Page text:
Over the Summer I did a short series of blogs in which I looked at four albums in one post. This enabled me to write about more albums, albeit in less depth. These seem to have gone down quite well, so I’m going to try to continue this as an occasional series. These ‘4-Packs’ as I’m calling them, will cover four albums/ pieces of music usually around a common theme, style or area of origin. They are intended as a way of getting round as many bands as I can given the ridiculous amount of excellent music that’s being released at the moment.
I have called the first in this series an ‘Ambient 4-Pack’, because the music of the four albums featured could be classed as such, not in a passive way but rather they create atmospheres for the listener with their soundscapes; whether stark, eclectic and lush. The hope is that fans of one of these acts will find other music they like through these multiple reviews, and others will find a more accessible way into new areas of music.
See what you think, feedback always welcome.
H a r m o n i c by Behind the Shadow Drops
Behind the Shadow Drops is the new solo project of Japanese musician Takaakira ‘Taka’ Goto, of experimental group MONO. This, to my ears, is a beautiful album of music that is replete with panoramic soundscapes that you can utterly lose yourself in. There is definitely a soundtrack feel to the music as you find yourself imagining scenes as the sound passes through you. The album, recorded at Goto’s home studio and mixed with producer and percussionist, John McEntire (Tortoise, The Sea and Cake, Yo La Tengo) imagines a world that is full of possibilities. Yes it is moody and, on occasions, dark; but never really bleak. I found the whole piece to be a satisfying and uplifting experience.
Available now on Temporary Residence Ltd.
Titan’s Island by Ancient Ocean
This is the second album from New York-based composer J.R. Bohannon, who has produced yet another work of considered beauty that seems to give that little bit more every time you hear it. The album, developed around the mission of the Cassini spacecraft, which recently sent back stunning photos of Saturn; and the idea that that planet’s moon Titan may be the only other habitable place in the solar system. As such the music, best listened to as four movements given that each builds on what has gone before, evokes the emptiness of space and a sense of being on a journey that is both significant and awe-inspiring. If there was a common theme running through this album it would be one of infinity, a real sense of openness marked by a constant drone above which the both the journey and the nature of the destination is set. This gives an sonic intensity throughout that, while never oppressive, gives the whole piece a send of real power.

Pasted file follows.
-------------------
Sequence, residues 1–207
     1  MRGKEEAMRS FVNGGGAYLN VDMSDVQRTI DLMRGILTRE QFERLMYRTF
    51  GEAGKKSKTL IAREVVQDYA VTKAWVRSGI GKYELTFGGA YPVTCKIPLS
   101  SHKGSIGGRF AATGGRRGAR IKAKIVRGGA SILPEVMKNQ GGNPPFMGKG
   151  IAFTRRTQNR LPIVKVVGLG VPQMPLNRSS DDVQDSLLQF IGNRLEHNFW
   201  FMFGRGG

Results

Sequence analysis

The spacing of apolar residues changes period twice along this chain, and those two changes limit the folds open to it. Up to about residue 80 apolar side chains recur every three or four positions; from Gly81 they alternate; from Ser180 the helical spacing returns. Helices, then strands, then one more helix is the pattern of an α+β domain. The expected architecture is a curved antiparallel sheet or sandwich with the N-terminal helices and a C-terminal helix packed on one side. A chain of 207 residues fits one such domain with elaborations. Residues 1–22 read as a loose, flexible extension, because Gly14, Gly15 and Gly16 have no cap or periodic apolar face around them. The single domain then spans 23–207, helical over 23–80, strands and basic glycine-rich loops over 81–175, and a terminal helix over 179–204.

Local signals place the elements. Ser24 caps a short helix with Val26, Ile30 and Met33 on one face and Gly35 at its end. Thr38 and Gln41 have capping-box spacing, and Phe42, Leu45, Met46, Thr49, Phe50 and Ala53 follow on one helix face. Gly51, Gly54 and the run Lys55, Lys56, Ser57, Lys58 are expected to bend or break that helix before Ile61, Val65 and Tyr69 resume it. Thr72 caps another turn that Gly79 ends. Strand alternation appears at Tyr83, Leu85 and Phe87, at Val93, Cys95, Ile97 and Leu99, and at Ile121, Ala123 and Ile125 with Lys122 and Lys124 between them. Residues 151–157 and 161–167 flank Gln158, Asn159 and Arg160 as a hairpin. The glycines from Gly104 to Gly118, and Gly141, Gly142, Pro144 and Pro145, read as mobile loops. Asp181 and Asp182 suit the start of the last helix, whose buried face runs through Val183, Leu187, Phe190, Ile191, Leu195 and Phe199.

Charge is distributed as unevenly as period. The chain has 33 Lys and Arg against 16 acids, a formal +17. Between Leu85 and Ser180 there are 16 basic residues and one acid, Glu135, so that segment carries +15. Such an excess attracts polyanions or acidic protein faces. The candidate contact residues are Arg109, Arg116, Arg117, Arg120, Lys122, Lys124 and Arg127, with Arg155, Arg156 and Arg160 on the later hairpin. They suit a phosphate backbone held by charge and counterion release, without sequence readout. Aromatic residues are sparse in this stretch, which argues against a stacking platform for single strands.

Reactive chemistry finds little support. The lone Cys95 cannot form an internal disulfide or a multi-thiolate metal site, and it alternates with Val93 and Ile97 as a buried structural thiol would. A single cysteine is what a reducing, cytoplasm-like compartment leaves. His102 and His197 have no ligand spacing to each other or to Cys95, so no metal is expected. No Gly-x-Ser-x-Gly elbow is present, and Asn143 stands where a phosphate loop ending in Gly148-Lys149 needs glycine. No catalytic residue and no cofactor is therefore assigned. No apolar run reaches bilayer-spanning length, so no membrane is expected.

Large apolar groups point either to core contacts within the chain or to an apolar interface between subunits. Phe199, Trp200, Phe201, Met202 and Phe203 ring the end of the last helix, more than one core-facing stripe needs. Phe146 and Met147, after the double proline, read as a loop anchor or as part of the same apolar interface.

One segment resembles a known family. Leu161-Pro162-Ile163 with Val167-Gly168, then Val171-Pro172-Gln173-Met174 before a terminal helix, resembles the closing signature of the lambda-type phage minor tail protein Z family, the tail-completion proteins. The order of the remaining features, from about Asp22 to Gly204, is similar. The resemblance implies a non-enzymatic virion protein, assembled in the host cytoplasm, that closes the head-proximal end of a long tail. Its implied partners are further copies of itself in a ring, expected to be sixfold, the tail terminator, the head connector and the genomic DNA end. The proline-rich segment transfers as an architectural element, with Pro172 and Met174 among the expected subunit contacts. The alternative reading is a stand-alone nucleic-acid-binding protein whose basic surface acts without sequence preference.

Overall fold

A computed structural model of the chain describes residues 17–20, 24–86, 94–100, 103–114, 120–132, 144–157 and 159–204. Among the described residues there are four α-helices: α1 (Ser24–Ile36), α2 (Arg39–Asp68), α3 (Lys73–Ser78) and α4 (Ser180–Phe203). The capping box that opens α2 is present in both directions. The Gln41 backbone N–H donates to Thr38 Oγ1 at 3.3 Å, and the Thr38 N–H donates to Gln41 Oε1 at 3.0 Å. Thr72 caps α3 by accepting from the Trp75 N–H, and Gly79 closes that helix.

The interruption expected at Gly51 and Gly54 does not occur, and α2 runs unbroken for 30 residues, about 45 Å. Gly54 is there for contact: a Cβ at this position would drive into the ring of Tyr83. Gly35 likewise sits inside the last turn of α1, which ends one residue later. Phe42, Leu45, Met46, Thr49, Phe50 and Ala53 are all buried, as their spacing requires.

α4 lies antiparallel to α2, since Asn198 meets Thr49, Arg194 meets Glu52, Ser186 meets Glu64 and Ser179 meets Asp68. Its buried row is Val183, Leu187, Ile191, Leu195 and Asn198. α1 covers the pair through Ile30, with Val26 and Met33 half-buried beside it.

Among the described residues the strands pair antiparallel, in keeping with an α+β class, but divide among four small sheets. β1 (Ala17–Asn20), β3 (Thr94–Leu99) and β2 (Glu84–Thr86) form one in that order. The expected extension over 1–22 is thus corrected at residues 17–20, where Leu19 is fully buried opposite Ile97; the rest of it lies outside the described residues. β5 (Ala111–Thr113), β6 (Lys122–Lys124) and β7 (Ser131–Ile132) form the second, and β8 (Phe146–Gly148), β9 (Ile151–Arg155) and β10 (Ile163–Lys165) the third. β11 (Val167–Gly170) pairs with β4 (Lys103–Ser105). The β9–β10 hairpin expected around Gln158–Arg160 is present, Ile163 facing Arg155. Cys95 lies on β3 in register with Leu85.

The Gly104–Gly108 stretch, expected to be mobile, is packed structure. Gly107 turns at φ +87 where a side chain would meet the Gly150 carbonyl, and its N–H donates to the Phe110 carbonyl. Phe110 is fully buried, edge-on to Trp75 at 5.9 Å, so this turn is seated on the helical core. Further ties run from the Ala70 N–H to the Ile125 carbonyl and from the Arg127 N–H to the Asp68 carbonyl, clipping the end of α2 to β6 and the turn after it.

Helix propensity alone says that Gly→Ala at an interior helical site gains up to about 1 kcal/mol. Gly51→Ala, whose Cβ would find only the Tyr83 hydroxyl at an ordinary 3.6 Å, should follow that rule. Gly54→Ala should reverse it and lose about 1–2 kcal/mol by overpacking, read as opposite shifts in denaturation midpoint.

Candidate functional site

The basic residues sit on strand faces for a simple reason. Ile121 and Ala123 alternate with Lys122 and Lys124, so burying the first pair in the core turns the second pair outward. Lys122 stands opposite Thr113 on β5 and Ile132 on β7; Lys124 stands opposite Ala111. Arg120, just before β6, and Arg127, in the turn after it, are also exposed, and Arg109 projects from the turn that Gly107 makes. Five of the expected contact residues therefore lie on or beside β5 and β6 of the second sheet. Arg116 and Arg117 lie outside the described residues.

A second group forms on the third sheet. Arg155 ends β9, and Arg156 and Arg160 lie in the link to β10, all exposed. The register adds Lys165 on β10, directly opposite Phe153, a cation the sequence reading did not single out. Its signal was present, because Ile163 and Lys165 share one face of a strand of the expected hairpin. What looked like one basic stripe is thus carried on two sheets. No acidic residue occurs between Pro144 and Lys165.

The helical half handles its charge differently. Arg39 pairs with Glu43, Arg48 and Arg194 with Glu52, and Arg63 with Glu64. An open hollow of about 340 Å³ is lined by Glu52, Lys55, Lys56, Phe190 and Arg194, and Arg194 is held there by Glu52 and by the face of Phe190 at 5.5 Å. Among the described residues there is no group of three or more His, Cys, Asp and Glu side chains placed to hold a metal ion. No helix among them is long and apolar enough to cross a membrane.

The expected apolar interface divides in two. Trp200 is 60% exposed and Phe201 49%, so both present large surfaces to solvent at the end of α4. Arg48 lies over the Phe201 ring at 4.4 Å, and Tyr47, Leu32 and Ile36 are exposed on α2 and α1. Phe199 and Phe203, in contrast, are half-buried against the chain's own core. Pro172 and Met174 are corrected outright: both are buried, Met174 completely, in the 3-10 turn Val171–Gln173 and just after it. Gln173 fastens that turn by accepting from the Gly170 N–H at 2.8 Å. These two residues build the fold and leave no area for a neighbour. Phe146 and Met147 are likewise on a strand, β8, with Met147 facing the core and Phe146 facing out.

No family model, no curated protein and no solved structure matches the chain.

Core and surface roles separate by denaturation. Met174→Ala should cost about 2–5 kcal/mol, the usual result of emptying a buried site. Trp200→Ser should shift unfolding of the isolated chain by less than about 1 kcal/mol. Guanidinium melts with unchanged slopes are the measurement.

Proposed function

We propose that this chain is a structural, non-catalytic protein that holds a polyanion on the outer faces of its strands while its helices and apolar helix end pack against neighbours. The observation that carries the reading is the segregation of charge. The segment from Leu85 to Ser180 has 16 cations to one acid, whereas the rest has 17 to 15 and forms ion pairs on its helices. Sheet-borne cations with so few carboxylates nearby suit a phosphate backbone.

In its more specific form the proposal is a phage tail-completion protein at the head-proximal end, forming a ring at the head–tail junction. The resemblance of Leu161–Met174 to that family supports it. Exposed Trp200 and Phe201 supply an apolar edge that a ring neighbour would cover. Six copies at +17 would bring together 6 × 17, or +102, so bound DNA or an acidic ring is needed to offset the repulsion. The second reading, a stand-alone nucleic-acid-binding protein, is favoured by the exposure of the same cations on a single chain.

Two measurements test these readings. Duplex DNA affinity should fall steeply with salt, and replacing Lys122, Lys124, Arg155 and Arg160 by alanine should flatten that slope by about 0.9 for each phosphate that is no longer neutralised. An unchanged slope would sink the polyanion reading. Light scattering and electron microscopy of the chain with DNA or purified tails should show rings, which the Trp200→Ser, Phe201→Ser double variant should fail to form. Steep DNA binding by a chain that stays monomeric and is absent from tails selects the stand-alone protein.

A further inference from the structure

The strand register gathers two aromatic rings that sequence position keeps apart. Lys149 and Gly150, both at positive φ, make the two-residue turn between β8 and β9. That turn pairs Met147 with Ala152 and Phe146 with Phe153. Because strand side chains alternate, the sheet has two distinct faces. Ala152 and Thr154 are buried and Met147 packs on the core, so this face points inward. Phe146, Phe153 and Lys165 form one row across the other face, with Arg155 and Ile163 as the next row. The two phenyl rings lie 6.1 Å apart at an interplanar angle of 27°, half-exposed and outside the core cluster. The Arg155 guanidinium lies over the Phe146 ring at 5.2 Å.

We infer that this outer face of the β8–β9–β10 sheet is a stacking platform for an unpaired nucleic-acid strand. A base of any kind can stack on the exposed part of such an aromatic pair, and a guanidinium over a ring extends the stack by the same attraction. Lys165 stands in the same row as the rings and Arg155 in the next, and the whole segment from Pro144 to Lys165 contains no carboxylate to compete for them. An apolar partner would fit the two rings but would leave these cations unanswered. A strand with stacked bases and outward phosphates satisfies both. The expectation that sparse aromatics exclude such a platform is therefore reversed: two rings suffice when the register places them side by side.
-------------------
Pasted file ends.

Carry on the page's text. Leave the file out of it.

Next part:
‘Titan’s Island’ is out now on Beyond Beyond is Beyond Records.
Horse Head Bookends by Gel-Sol
‘Horse Head Bookends’ is one of those albums that your really don’t how to describe. There is such a complex interplay of instruments, media (samples, cassette recordings, spoken word; and there are a series of art works to accompany the album), and genre that any definition as such would be almost futile. Gel-Sol is the work of multi-instrumentalist Andrew Reichel who has created a suite of music that is eclectic, seemingly the product of a mind that is never still. In this sense it is perhaps a mistake to put this within that category ‘ambient’ because the soundscapes developed here are restless and continually on the move. Nevertheless, there is a sense that Reichel is reacting to his surroundings with this music, a reflection of the unceasing ambience of our contemporary urban world. In that sense it is as ambient as any other piece here while being at the same time disturbing and, on occasions, almost overwhelming.
‘Horse Head Bookends’ is out now on Verses Records.
Heliotrope by Mésange
Regular readers to this blog with be familiar with the musicians who make up this duo. Agathe Max (Kuro) and guitarist Luke Mawdsley (Cavalier Song) have both been involved in albums that I have really liked over the last year or so. So I was intrigued as to what their collaboration would sound like. The result, as you would probably expect, is a powerful, dark and intense set of tracks that engender a broad spectrum of deep feelings for those who listen to it closely. This is not done through an eclectic approach to the music, rather through subtle changes of mood and musical cadence. Indeed, like both Kuro and Cavalier Song, this is an album that cannot be reduced to background music but needs attention to fully appreciate its crepuscular allure as it draws you into a netherworld that seems poised on the edge of dream and nightmare.
‘Heliotrope’ is released on November 3 on God Unknown Records, from where it is now available to pre-order.